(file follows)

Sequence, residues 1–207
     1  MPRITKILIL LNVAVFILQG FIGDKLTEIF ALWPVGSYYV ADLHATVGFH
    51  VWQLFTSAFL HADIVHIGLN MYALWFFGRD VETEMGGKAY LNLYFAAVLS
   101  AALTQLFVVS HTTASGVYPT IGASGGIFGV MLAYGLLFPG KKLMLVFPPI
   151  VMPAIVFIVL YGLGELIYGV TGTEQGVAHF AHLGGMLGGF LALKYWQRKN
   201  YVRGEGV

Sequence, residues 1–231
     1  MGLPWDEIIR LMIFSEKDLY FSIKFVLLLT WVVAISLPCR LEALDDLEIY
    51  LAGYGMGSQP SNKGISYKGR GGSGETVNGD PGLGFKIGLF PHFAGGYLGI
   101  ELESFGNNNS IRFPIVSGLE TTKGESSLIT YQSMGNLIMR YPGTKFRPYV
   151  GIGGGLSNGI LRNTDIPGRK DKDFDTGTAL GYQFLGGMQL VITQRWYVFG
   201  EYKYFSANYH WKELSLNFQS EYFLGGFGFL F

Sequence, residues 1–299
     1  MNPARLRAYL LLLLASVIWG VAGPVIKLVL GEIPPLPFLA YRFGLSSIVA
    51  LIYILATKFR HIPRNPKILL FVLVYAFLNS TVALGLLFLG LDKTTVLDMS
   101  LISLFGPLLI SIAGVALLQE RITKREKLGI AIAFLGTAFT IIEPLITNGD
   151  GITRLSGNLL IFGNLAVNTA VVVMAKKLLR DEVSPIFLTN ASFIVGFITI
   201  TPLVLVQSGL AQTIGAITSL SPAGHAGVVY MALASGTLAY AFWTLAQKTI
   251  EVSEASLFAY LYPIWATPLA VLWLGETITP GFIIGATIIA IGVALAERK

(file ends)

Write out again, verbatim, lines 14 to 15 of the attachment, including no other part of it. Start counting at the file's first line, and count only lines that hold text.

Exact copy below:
     1  MNPARLRAYL LLLLASVIWG VAGPVIKLVL GEIPPLPFLA YRFGLSSIVA
    51  LIYILATKFR HIPRNPKILL FVLVYAFLNS TVALGLLFLG LDKTTVLDMS